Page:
What they need to do is hook up with Ford, and develop a Shelby version called...wait for it...Whitesnake. Or at least a David Coverdale edition.
      • 6 Years Ago
      Sweet. I guess the petrol engine can be a very efficient one, since it can run at constant rpm and stuff. Maybe they could use a turbine engine.

      I'd be more excited to hear they were making some ultimate electric supercar, but a car for everyday people to drive around in efficiently is big news. I look forward to seeing how this all pans out.

      I wonder if a flywheel type KERS device like they'll be trying in F1 is more suitable for this kind of vehicle than an electric battery.
      • 6 Years Ago
      It seems far fetched for someone to plunk down that kind of money for a sedan, which is a far more rational purchase than a roadster. Expectations are far greater when you go up against BMW, Mercedes et. al. To do so as an unproven start up is asking a lot of the customers. However, I'm sure their limited production won't result in too many new sedans sitting around.

      I'm not to sure who would want to acquire the company given that they are essentially sourcing all of their components and assembly. What established car manufacturer can't do that? Tesla will establish a market, but they will need to continue to stay ahead of the game once direct competition starts coming from the rest of the industry.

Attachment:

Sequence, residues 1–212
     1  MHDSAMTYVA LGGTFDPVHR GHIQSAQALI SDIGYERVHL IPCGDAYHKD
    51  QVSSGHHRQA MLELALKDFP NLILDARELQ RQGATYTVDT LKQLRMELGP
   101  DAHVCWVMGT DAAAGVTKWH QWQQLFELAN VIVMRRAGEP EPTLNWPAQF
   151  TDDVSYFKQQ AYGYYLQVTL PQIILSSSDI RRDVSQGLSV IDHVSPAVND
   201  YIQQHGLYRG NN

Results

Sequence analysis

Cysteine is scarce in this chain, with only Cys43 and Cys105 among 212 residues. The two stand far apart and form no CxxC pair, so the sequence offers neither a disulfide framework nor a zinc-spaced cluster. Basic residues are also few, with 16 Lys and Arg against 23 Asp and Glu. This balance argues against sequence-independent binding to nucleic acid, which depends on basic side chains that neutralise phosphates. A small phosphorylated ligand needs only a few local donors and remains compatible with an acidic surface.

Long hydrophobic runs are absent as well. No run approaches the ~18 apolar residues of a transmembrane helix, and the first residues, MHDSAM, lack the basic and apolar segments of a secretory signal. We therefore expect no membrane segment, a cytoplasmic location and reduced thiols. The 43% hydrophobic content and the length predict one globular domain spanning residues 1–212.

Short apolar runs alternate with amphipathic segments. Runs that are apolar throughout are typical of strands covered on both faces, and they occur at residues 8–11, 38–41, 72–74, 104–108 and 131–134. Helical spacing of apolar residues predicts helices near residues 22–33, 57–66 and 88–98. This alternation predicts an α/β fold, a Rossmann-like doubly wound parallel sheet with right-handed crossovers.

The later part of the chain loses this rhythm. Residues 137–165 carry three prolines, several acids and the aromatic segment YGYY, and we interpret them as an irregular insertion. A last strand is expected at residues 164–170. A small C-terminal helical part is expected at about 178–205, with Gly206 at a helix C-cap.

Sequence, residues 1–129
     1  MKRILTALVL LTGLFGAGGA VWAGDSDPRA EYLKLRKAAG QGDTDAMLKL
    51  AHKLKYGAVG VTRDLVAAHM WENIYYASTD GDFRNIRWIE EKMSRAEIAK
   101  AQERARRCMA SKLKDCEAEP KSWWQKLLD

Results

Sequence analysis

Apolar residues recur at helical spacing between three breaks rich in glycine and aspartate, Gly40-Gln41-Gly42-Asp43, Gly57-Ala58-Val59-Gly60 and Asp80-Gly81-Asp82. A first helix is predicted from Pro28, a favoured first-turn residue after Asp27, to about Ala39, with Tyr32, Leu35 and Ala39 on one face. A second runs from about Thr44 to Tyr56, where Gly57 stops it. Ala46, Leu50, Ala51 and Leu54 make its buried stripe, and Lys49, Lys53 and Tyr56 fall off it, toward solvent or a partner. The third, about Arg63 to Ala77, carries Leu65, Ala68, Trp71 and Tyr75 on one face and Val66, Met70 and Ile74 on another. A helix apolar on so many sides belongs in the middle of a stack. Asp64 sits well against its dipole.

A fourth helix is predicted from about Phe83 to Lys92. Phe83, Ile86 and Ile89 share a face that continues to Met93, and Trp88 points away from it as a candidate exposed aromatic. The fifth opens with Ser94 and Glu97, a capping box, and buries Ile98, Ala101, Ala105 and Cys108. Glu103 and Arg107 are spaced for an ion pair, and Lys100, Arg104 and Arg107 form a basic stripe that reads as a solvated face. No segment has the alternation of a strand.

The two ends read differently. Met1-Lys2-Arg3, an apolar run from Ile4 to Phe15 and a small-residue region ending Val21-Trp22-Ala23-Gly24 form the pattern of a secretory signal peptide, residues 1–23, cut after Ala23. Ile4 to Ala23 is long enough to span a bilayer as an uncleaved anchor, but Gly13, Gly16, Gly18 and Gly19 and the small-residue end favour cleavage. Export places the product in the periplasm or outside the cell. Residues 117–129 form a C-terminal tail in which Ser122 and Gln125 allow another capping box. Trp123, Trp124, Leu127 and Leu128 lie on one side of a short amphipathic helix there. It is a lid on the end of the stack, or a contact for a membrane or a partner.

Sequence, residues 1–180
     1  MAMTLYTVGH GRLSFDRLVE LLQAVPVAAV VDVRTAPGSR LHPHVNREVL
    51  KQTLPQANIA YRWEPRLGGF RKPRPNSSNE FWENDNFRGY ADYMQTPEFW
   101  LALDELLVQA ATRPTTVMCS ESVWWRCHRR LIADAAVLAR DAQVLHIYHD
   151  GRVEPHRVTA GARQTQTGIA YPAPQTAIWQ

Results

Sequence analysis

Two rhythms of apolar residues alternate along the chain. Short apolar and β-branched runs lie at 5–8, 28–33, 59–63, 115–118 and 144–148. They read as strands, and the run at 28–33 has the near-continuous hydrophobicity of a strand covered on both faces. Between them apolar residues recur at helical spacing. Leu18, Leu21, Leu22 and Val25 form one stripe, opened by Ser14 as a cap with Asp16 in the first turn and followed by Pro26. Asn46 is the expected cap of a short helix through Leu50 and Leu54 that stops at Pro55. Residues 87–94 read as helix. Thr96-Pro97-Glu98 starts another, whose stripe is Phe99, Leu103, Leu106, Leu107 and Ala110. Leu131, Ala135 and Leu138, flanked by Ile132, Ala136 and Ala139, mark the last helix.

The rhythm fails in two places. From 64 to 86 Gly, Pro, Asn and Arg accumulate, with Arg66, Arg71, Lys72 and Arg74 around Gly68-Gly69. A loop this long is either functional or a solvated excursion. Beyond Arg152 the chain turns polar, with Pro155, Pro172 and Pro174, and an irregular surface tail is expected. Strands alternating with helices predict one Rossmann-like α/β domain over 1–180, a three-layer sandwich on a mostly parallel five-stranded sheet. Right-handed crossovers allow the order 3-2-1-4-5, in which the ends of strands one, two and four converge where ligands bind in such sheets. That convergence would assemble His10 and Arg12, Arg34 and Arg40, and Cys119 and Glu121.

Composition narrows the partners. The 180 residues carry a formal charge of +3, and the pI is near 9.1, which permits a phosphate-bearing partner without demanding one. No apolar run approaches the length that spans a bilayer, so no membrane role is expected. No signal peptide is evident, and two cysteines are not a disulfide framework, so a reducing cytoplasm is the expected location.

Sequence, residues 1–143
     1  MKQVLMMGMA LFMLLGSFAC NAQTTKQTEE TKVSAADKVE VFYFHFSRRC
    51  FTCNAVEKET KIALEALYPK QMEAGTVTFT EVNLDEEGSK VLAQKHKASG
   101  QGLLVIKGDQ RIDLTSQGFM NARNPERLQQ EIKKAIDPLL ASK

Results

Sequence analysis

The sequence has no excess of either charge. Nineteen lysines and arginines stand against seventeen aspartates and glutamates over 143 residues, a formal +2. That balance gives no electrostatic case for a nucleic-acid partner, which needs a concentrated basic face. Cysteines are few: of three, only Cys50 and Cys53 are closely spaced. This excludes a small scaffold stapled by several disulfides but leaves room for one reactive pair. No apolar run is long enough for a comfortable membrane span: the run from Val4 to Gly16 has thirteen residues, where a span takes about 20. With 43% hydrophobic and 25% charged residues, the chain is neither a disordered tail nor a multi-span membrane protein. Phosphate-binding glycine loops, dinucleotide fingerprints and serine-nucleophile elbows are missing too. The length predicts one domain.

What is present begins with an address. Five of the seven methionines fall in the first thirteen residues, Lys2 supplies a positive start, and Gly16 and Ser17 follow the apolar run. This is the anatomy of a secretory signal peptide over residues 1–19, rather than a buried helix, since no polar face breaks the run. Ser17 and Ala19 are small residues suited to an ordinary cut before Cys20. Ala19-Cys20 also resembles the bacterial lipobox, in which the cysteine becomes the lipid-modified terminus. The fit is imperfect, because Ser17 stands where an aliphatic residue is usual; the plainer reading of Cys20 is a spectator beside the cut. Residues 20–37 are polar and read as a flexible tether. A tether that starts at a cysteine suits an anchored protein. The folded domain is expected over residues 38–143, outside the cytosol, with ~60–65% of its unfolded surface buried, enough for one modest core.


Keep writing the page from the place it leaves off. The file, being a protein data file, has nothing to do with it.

• 6 Years Ago
      it would be special if the tank only holds 5 gallons.
      • 6 Years Ago
      Is Tesla run by Malcolm Bricklin? We always hear about the great new products being developed while the previous great new product was never delivered.
      • 6 Years Ago
      @andrew t

      yes they have been delivered.... with temporary transmissions
      • 6 Years Ago
      @Ed
      "I'd be more excited to hear they were making some ultimate electric supercar, but a car for everyday people to drive around in efficiently is big news. I look forward to seeing how this all pans out."
      Yeah, I hope in the future they will make a Veyron class electric car as it's entirely possible with extra motors making it 4WD (look at the 5291lb eliica which got to 230 mph), but I think they should focus more on their core business for now.

      @psarhjinian
      Temporary transmission is only temporary in the sense it can be swapped out later, but you could keep it if you want. There is no sacrifice of durability and it is fully functioning; you are sacrificing some acceleration performance, but not durability because it would be unsafe to drive with a transmission that will fail in a couple thousand miles. I don't think Tesla is dumb enough not to realize the amount of law suits that will follow if that is the case.
      • 6 Years Ago
      Heh, sinking feeling, Whitestar. :P

      • 6 Years Ago
      @chrisdavis - we don't source any of our drivetrain components (they are all original Tesla designs) and do all of our vehicle integration including control systems and firmware in house. That's the hard stuff that others are after.